Palmyra council had its reorganization meeting on Jan. 6, a session led by Mayor Gina Tait with a full agenda.
Council began by swearing in new members: Natasha Latimore and Ted Rosenberg will serve three-year terms. Council also elected Timothy Howard its new president in a unanimous vote.
Tait then gave her State of the Borough address.
“Over the last year, we secured grants to help with road work all over the borough,” she noted. “Work was done in front of the elementary school and this year, the back will be finished. We acquired grants to get more firefighters into the fire stations.”
The mayor also touched on other upcoming construction projects in the borough.
“A second warehouse will be built in the borough after receiving a permit,” she announced. “The Knights of Columbus building has been bought and will be repurposed.”
As for community news itself, Tait laid out the following.
“The 15th precinct will be working to combat noise violations this year and keep them to a minimum,” she explained. “There will be several flu and COVID clinics available. Mobile Grocery will be available on Thursdays, still in front of the community center from 2 p.m. through 3:30.
“The borough has acquired two new trash trucks to help combat the trash problem,” Tait added. “A new contract will be negotiated with Republic on March 31. We will work on a new schedule for trash and do it one section of town at a time.”
Tait went on to say that 500 coats were delivered to disadvantaged children thanks to donations and that there will again be a baby clinic. Palmyra Day and other community events will be repeated this year.
Council received a letter commending the Palmyra police department for helping the Bread of Life Pantry distribute food to more than 160 families. The letter stated that the police went above and beyond in the effort, with some going so far as controlling traffic. The missive was sent by Dale Ness, pantry president.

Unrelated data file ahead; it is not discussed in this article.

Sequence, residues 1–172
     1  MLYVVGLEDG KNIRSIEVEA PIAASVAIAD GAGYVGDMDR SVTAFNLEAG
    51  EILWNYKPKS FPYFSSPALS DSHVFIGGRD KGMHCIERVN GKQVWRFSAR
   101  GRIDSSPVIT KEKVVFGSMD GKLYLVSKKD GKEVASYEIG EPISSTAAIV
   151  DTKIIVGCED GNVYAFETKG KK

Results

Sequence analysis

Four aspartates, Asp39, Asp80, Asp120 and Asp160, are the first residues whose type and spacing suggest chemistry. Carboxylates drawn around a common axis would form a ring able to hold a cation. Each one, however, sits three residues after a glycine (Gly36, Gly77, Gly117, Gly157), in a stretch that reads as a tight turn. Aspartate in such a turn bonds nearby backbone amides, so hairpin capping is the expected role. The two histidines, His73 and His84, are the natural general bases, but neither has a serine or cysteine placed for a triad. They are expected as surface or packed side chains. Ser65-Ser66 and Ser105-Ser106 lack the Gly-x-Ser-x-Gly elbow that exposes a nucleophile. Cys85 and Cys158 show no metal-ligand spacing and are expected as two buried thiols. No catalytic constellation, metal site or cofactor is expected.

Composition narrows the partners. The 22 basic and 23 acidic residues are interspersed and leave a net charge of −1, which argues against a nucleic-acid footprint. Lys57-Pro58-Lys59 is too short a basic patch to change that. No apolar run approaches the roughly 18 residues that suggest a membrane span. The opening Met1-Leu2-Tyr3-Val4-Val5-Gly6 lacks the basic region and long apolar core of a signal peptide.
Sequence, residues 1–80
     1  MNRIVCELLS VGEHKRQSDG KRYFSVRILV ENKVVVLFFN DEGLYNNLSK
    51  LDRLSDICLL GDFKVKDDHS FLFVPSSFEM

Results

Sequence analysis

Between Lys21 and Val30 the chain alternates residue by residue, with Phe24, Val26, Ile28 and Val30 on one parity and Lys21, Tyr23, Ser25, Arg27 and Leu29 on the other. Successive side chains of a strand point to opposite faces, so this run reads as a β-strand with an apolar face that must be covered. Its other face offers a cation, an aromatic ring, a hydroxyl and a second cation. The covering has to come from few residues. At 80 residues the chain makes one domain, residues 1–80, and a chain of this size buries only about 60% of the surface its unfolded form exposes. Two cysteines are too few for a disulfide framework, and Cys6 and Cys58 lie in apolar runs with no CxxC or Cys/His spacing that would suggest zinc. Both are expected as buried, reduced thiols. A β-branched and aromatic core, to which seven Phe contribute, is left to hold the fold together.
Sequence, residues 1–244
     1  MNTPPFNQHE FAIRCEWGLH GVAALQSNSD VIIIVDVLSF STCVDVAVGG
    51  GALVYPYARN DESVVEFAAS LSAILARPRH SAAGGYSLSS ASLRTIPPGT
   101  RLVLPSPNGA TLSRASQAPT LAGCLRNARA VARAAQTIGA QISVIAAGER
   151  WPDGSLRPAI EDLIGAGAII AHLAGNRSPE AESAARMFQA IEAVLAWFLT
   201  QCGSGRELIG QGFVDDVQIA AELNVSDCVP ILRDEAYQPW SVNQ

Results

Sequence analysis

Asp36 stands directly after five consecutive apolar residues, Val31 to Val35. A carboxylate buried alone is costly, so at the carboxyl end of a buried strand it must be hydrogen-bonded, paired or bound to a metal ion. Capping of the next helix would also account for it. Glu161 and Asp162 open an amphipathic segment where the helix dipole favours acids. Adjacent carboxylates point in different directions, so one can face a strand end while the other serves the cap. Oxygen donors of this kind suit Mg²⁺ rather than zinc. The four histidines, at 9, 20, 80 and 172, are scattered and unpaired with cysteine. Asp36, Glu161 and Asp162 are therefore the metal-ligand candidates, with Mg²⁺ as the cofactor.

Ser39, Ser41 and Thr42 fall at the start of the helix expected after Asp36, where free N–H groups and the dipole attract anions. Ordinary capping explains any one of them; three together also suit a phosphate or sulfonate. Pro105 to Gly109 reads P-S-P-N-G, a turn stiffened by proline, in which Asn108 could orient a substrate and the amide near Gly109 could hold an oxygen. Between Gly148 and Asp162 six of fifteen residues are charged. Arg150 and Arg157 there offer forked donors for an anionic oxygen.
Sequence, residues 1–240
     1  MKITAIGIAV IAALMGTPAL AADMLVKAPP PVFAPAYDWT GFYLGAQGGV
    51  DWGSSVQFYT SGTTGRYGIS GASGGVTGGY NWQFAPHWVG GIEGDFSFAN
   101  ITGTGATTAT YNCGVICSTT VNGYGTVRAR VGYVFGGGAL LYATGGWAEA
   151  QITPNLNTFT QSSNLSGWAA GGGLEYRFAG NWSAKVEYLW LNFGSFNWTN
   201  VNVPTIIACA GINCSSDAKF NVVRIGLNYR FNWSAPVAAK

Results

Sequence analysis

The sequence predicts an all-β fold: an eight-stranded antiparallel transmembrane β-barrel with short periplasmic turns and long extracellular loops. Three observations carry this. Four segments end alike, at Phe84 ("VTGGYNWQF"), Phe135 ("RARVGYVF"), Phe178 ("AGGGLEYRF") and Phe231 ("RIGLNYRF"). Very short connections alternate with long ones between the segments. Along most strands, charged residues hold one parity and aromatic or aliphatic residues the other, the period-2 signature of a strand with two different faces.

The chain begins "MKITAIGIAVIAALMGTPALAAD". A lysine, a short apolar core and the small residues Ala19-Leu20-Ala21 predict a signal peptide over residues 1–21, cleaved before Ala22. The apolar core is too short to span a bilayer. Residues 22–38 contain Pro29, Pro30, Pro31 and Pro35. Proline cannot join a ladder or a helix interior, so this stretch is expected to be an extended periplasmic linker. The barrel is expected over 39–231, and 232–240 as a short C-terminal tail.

Council then opened the floor to public comment, but only one person spoke: Former mayor Michelle Arnold.
“You have completely taken the public out of being able to make comments,” she pointed out. “Moving this meeting to 4 o’clock on Friday afternoon – as you can see, there is no one here. In order to get a response on an issue, you require people to submit a comment 24 hours in advance?
“Making only one public comment section early on before the resolutions and making it two minutes for someone to speak is beyond egregious.”
Arnold urged the public to attend meetings and offer recommendations for council on projects in the future.
“When I was the mayor, I gave the public two chances to comment,” she said. “One early on and one towards the end of the meetings. I also gave people five minutes to speak instead of two minutes.
“This lack of commitment by the council shows just how much they don’t care about the public.”
The next council meeting is set for Feb. 6 at the borough hall.